Tuesday Tidbits

The FEHBlog returns to DC tonight following a tour of duty watching over his grandson. It’s raining here in NYC but the rain is nothing like the rain that’s fallen on Houston. Becker’s Hospital Review reports on Hurricane Harvey’s impact on healthcare in Houston.  Here’s a link to OPM’s FEHB related hurricane guidance.

Healthcare Dive reports that Anthem is implementing a new policy under which it will cover outpatient MRIs and CT scans in free standing imaging centers but not at hospitals.  Healthcare Dive observes that

Hospitals are continuing to increase the outpatient care they perform for a number of reasons. Patients often find it more convenient, and payment rates are usually higher than for services performed at a physician’s office. Imaging done at a stand alone clinic can be drastically cheaper, and Anthem is looking to cut costs its deems unnecessary.

The largest payer in the country is as well. The CMS has a proposal to make costs more site neutral by paying services at off-campus hospital outpatient departments at 25% of regular outpatients rates. The same proposal also includes a small increase (1.75%) for outpatient payments. The American Hospitals Association generally opposes site-neutral regulations, arguing the change could reduce patient access to care. But other healthcare organizations, including the American Medical Association, say it levels the playing field and helps smaller practices stay afloat.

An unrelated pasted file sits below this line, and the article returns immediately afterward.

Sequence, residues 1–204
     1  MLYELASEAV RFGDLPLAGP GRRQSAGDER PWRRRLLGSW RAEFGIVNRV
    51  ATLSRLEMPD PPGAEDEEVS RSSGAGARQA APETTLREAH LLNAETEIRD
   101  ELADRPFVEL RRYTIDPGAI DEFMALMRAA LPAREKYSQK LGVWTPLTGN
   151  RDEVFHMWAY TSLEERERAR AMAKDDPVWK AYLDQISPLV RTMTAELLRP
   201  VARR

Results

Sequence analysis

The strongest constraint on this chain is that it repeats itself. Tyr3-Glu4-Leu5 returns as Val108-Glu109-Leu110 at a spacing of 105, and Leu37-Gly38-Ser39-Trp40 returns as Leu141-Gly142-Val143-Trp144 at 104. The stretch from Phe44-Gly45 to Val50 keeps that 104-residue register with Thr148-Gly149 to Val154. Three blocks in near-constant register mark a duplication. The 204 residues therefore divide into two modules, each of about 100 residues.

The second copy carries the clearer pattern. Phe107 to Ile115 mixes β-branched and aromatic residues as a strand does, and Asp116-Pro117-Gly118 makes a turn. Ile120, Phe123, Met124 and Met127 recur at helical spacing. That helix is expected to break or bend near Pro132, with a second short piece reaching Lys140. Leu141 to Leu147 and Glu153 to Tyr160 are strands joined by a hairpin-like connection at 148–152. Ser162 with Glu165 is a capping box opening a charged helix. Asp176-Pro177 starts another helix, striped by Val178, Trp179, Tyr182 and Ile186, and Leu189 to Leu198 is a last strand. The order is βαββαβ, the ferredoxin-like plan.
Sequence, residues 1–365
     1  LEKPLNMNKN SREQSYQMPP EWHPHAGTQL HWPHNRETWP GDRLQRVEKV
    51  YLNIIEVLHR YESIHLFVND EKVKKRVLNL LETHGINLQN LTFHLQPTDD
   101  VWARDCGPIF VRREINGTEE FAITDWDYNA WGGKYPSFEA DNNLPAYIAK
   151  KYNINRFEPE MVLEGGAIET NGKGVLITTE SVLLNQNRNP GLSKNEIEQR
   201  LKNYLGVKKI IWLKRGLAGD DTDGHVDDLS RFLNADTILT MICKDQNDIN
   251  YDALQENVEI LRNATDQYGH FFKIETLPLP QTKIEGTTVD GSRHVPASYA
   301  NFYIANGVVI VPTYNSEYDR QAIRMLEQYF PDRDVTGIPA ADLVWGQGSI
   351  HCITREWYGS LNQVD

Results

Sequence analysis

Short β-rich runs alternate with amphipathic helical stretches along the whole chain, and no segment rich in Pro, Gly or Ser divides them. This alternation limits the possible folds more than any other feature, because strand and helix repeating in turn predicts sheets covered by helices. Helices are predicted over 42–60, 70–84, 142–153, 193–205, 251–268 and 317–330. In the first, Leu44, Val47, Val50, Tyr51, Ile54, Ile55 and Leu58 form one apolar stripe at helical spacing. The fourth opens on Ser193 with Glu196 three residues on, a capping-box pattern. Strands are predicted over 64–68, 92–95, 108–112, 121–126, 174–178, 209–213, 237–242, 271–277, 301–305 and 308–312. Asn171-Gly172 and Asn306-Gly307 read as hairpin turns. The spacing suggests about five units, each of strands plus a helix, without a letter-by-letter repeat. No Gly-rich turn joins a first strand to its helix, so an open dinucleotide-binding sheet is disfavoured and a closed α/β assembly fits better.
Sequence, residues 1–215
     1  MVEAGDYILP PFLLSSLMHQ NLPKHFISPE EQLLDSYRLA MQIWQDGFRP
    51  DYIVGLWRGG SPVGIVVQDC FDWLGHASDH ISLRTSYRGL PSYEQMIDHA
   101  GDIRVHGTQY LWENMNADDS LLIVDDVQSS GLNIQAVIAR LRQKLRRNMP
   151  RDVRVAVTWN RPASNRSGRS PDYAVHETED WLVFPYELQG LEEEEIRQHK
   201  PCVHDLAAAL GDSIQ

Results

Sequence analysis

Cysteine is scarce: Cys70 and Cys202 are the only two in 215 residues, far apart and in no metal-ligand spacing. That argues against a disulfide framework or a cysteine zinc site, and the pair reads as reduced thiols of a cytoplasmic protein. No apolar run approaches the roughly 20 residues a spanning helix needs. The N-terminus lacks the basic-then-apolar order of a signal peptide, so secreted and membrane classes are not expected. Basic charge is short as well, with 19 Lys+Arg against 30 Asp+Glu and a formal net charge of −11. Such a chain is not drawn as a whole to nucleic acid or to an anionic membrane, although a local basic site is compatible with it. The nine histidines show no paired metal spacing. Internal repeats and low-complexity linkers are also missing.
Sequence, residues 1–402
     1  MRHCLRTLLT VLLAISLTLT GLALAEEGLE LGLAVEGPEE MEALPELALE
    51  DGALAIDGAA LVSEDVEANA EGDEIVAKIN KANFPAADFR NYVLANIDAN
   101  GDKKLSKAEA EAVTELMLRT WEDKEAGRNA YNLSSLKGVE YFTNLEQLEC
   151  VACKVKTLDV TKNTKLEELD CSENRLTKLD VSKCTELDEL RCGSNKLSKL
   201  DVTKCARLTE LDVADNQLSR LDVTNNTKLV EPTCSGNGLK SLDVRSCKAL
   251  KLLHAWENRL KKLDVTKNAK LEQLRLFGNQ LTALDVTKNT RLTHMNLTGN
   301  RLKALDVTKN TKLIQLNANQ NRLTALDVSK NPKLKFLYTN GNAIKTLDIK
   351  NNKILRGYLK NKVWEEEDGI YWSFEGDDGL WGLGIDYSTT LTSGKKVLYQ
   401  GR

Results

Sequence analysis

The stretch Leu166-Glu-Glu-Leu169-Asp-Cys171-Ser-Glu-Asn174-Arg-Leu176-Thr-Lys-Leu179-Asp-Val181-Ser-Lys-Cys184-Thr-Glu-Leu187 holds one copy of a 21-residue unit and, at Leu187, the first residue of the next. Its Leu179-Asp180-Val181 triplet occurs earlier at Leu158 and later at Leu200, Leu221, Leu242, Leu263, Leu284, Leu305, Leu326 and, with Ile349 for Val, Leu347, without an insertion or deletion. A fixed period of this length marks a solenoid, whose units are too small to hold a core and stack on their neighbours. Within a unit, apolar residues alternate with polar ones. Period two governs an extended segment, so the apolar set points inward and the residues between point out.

In the mergers and acquistions arena —

  • The Financial Times muses about a recent Gilead Science’s acquisition. Gilead made a boatload of money by acquiring Pharmasset, a company that developed a Hepatitis C cure known as Solvadi. Gilead yesterday acquired Kite for about $12 billion. Kite is “one of the leading companies in the pioneering field of chimeric antigen receptor therapy or Car-T, a one-time treatment that involves re-engineering a patient’s blood cells so they can identify and attack cancer.”  
  • Reuters reports that “Advisory Board Co said it would sell its healthcare business to UnitedHealth Group Inc’s Optum unit and education business to private equity firm Vista Equity Partners, for a total deal value of $2.58 billion.”
The Health Affairs Blog discusses a recent National Academy of Medicine study on how to reduce healthcare costs by redesigning care for high need patients. The study principally provides advice to health care providers but it also explains the role for payers and the government. 
Finally on the information technology security front,
  • Beckers Hospital Review offers an Security Scorecard ranking of 18 industries based on their level of cybersecurity protections. The FEHBlog is not sure whether health insurers fall under financial services (ranked fifth) or healthcare (ranked 13th). The FEHBlog guess is the former. 
  • HHS’s Office for Civil Rights, which is responsible for enforcing the HIPAA Privacy and Security Rules, has a new feedback form, which is capable of accepting many categories of feedback.